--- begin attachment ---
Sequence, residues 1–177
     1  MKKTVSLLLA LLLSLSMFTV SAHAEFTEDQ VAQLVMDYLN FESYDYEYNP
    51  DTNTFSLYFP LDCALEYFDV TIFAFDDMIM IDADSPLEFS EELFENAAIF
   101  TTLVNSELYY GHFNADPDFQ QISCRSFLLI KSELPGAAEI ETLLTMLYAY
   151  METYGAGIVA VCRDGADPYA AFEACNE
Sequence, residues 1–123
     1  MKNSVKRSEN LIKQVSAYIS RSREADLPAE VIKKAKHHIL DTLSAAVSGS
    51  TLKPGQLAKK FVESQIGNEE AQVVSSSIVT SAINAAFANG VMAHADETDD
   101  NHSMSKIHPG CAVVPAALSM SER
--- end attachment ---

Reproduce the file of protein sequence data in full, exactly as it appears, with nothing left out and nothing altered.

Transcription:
Sequence, residues 1–177
     1  MKKTVSLLLA LLLSLSMFTV SAHAEFTEDQ VAQLVMDYLN FESYDYEYNP
    51  DTNTFSLYFP LDCALEYFDV TIFAFDDMIM IDADSPLEFS EELFENAAIF
   101  TTLVNSELYY GHFNADPDFQ QISCRSFLLI KSELPGAAEI ETLLTMLYAY
   151  METYGAGIVA VCRDGADPYA AFEACNE
Sequence, residues 1–123
     1  MKNSVKRSEN LIKQVSAYIS RSREADLPAE VIKKAKHHIL DTLSAAVSGS
    51  TLKPGQLAKK FVESQIGNEE AQVVSSSIVT SAINAAFANG VMAHADETDD
   101  NHSMSKIHPG CAVVPAALSM SER